In previous blogs, DCR cautioned that the regulatory environment regarding the use of independent contractors could threaten the survival of a business itself. Earlier this week, we reported on Department of Labor guidance that further restricted the independent contractor status. We are now seeing the first victim.
Over the past few years, the popularity of social media has given rise to a new industry – On demand Services. We can now go online and order transportation, house cleaning, errand services, baby sitters, and a variety of other services aimed at reducing the tasks we all face in life. Most of these new start-ups depend on independent contractors to deliver these services. And, as they say, herein lies the problem.
On July 31st, cleaning services company Homejoy is actually shutting down. The company, founded three years ago, allows customers to get cleaning services from background-checked and certified cleaners at $25 an hour; with just a phone call. The company grew rapidly, delivering services in 35 cities across 4 countries. However, the start-up found it impossible to raise adequate funds to defend against four lawsuits filed by independent contractors seeking employee status and benefits.
The regulatory environment has put ‘on demand’ services companies on notice. Many are facing a growing volume of classification litigation, and there’s little reason to believe that the ultimate judgements will favor the companies dependent on independent contractors. The decision to shut down Homejoy came after the California Labor Commission ruled against Uber, the on demand transportation company. It determined that an Uber driver is an employee and not an independent contractor. Though the decision against Uber did not set a binding precedent, the worker classification, or misclassification, issue is clearly established as an issue for start-ups which are built around on-demand services.
Unlike Homejoy, well-financed ‘on-demand’ start-ups like Handy (Homejoy’s chief competitor) and transport providers Uber and Lyft have the deep pockets that will help them stay afloat; which has four separate law suits pending over charges of misclassifying its contingent workers as independent contractors. However, in a recent decision Uber elected to pull out of the French market rather than continue to fight the opposition to their business in that market.
Other ‘on demand’ start-ups are attempting to avoid misclassification risks by applying more traditional employment models. Companies like ‘Managed by Q’ operate in the same space as Homejoy but use employees instead of independent contractors to deliver their services. It is unclear whether these convenient services can be delivered at a competitive price point when incurring the costs associated with a traditional labor force.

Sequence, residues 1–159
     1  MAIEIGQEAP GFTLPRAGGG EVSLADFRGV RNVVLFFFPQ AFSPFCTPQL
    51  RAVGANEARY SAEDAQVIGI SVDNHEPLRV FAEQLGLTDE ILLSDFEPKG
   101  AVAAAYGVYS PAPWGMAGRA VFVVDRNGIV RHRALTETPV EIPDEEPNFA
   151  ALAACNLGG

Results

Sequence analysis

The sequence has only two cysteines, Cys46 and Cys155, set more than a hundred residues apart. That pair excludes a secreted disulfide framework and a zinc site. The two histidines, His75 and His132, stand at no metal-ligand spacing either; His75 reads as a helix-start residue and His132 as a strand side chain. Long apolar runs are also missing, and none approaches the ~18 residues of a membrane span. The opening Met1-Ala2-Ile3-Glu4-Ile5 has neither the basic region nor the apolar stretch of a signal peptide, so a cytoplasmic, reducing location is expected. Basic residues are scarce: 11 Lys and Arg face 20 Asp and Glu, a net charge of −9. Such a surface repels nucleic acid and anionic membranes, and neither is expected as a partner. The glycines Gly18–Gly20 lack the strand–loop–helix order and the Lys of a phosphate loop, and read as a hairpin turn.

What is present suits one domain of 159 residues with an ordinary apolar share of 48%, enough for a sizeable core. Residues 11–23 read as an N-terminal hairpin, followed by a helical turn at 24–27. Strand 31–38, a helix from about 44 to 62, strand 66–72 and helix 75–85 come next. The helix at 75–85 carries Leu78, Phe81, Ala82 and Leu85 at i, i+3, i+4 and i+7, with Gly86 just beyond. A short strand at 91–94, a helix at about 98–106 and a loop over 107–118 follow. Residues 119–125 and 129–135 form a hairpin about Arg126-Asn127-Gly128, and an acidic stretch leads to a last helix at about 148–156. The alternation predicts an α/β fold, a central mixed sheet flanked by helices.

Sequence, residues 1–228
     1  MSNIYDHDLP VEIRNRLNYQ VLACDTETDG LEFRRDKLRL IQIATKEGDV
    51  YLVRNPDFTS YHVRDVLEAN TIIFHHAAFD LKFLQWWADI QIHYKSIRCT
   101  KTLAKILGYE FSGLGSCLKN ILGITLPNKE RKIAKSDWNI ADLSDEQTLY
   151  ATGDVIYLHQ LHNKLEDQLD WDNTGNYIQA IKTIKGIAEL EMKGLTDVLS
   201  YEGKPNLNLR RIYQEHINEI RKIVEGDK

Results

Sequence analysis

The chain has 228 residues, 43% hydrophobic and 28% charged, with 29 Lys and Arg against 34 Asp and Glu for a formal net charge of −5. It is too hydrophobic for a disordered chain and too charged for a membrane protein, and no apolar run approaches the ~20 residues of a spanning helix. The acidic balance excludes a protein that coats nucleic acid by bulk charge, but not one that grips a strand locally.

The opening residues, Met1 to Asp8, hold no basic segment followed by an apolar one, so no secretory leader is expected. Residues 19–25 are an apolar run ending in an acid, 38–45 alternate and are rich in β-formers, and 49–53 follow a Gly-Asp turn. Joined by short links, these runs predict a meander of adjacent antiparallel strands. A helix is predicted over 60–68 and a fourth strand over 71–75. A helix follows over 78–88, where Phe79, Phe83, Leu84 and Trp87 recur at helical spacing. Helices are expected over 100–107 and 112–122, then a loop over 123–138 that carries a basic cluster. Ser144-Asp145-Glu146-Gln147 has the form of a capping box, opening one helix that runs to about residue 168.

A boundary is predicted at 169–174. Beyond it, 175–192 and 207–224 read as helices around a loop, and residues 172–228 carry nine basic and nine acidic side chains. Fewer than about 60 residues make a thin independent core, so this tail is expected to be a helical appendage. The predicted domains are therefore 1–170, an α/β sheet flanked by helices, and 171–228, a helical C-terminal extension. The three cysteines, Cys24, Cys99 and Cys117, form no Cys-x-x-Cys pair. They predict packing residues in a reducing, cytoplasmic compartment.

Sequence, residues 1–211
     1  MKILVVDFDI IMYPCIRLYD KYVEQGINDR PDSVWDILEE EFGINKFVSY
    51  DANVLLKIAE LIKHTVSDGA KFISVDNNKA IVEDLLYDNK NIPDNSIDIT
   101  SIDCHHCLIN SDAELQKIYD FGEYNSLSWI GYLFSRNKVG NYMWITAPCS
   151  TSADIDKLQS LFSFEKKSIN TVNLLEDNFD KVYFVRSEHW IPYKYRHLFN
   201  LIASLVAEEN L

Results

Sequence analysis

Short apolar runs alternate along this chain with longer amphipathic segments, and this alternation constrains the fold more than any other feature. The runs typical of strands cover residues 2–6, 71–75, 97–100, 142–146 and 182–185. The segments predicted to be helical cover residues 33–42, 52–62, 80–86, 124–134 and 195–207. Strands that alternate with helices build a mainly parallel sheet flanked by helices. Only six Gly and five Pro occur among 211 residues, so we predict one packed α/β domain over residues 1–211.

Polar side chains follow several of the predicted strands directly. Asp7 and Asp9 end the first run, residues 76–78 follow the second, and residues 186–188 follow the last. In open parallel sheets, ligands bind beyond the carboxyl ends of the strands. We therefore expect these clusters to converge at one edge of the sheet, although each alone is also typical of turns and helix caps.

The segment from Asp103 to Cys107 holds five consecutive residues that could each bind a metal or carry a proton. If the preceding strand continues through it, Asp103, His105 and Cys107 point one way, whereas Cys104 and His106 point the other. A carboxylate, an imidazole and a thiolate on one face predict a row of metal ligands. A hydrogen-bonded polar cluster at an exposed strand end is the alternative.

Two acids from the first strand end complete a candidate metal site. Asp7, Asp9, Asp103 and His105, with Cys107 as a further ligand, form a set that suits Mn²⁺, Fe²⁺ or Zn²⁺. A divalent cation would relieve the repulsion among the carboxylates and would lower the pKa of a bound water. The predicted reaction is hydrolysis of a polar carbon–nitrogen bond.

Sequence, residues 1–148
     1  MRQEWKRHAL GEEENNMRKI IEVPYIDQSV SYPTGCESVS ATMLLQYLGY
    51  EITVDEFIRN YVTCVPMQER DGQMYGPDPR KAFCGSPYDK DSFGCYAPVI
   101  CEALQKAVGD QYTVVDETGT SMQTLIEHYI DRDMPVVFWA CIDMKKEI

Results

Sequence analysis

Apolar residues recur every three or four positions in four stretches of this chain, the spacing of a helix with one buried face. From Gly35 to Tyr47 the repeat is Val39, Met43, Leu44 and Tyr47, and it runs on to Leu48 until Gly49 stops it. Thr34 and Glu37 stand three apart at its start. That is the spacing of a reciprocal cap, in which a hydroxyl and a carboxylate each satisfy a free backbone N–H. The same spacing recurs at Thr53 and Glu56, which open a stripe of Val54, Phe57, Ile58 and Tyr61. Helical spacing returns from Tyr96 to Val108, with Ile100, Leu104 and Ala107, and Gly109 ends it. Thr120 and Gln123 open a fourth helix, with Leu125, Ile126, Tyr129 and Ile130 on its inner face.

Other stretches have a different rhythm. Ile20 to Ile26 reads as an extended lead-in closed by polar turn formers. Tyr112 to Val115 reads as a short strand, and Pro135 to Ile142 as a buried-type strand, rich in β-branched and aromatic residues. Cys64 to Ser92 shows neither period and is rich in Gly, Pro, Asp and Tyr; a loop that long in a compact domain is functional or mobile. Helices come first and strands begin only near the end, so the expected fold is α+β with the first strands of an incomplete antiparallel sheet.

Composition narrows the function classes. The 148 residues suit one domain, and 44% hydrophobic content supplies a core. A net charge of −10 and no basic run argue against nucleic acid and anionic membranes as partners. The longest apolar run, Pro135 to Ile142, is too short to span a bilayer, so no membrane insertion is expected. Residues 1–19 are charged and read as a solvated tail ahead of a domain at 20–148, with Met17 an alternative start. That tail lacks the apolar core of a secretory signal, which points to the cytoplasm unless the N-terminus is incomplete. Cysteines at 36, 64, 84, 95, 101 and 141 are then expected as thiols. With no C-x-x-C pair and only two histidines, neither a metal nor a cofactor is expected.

Having to switch independent contractors into employees would prove an expensive affair, making it hard for companies like Uber which have taken this route to change paths later in the day. Having to deal with such a transformation is daunting prospect. It will undoubtedly prove to be the nemesis of more on-demand service companies soon, as the regulatory environment renders it progressively unviable for them to continue down their chosen paths. As per the calculation by Re/code, Uber would incur $209 million to get its California drivers on to its rolls – without factoring in its share of the cost of gas and vehicle maintenance.
Start-ups like Homejoy want the current regulatory environment to change and wish to see a classification of employees which allows those who work as contractors to enjoy a lot of flexibility. They cite the growing number of people seeking flexible work environments that support their ability to pursue academic degrees, raise families or ease into retirement. This runs counter to the perspective of the Department of Labor that these companies seek to deny workers their rightful benefits while avoiding payment of labor-related taxes.
Does this mark the death knell of ‘on demand’ start-ups? Not so fast. It is interesting to note that Google and many venture capital firms have invested millions into these start-ups. Google also announced plans to enter this market by offering local assistance services. We’ll need to wait to see the employment model selected by Google when these services are launched.
While challenges seem to be increasing, the way ahead for ‘on demand’ start-ups using contingent workers and classifying them as independent contractors is not entirely closed. DCR will be closely monitoring the outcomes of pending litigation, and actions taken by these companies to survive. We’ll keep you posted.
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